Since 1933, the common exclamation made when people realize that they have made a mistake. Used typically to express mild apology, surprise, or dismay.

An Oops message is the Linux kernel way of telling you that something went wrong in kernel space. More specifically, an exception occurred in kernel space. On normal circumstances it should never happen. But when it does, there are some possible reasons:

  • There's a bug in the kernel. That hardly happens in the stable releases, but on development kernels, expect this.
  • You have a bad hardware, possibly a bad RAM which causes kernel memory corruption.
  • You have loaded a kernel module that either has bugs or is interface-incompatible with the currently running kernel. Loading such module is mostly impossible because kernel modules store the version of the kernel they were compiled against, and some running modes match for that.

Oopses are sent to the system logger and open system console. The system is not stopped or rebooted like in other operating systems. Instead, the process in which the exception occurs just dies and the system goes on, hoping for the best.

An example:

Unable to handle kernel NULL pointer dereference at virtual address 00000000
 printing eip:
*pde = 00000000
Oops: 0000
CPU:    0
EIP:    0010:[msr_exit+0/20]    Not tainted
EFLAGS: 00010246
eax: 00000000   ebx: c21339a0   ecx: 00000000   edx: 00000001
esi: c2133ce8   edi: c2133ca0   ebp: c1c60560   esp: c1d8ff2c
ds: 0018   es: 0018   ss: 0018
Process nscd (pid: 279, stackpage=c1d8f000)
Stack: d88004b6 c21339a0 c1be3690 c1be3580 c142e1e0 c1c60560 00000001 c142e2e0 
       d6a74140 d88007ea c2133ca0 00000000 c01a3976 c1be3690 c1be3580 c01a3e7e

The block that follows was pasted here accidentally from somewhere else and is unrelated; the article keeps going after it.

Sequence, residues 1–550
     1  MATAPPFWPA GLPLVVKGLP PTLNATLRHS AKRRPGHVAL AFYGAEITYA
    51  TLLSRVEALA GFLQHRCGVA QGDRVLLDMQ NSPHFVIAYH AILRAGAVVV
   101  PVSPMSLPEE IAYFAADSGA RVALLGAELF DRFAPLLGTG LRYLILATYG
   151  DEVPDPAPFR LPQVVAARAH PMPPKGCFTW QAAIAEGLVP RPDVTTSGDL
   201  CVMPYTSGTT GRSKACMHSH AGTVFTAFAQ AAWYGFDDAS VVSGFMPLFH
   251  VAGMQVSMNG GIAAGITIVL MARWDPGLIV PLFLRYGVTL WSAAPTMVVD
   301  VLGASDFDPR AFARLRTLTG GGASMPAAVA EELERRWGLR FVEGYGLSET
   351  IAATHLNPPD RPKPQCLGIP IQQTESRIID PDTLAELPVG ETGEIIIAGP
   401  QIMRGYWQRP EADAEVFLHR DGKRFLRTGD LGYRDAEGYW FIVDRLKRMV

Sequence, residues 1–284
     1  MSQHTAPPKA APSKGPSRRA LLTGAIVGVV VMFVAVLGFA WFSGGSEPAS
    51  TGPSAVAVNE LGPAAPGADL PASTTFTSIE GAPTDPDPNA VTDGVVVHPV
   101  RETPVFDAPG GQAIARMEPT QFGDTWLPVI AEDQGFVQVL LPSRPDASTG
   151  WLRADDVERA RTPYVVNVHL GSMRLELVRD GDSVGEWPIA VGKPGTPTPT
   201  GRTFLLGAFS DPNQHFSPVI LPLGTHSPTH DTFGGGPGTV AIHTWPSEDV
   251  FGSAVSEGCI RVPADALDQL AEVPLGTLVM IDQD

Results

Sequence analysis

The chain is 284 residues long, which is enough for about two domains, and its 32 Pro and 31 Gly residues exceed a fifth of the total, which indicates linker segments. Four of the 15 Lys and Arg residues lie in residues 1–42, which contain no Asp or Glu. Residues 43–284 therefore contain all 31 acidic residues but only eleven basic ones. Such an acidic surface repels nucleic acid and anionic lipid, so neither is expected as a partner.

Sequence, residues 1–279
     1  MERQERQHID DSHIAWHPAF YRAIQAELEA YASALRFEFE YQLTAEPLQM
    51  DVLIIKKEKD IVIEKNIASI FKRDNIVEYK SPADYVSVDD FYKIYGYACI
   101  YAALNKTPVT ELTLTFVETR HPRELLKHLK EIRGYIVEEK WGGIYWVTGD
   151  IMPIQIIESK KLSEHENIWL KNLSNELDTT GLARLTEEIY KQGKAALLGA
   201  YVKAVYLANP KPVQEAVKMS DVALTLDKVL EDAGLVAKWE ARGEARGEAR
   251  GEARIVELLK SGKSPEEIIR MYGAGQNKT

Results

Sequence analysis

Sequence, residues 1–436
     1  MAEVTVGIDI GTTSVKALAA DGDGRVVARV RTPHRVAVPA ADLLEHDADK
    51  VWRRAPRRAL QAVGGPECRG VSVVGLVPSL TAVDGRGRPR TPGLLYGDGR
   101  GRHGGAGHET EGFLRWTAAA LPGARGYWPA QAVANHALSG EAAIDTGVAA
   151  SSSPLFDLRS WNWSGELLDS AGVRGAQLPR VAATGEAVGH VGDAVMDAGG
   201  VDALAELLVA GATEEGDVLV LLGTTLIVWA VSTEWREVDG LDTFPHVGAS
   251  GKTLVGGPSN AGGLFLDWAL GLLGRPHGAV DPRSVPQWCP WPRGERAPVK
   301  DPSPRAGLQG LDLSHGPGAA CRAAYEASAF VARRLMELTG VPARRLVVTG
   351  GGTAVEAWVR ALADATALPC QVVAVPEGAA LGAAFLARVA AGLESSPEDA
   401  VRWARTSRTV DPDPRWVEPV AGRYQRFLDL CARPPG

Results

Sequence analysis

c1be3690 d6b41e20 c01320f4 c1be3580 d6b41e20 d6b41e20 00000000 c22bed60 
Call Trace:    [8139too:__insmod_8139too_O/lib/modules/2.4.20-pre7/kernel/drivers/n+-285514/96] 
[sock_release+18/76] [sock_close+50/60] [fput+76/224] [filp_close+85/96]
[sys_close+67/84] [system_call+51/56]
Code:  Bad EIP value.

The information is crucial in order to determine if this is a bug or not. The Oops information contains the execution state, which is a stack dump, registers, the current process, and the reason for the fault.

Notice the 'Not Tainted' flag. It means the user didn't load any closed code, "evil"-licensed kernel modules. The kernel developers can't provide any help for you if you loaded such modules. It's like the warranty void if removed label.

Other information is provided for the Oops by the automatic (or not automatic) run of the ksymoops util. This util takes the Oops report that was received from the kernel and uses the and /proc/kcore to print the actuall machine code which triggered the exception along with a detailed corresponding symbol names. This information is imported for other people to investigate the Oops because an Oops with just numbers is equivalently useless to a Windows BSOD.

If you are convinced that the Oops is a bug, you should read the REPORTING-BUGS file that is provided with the kernel sources, before reporting anything.

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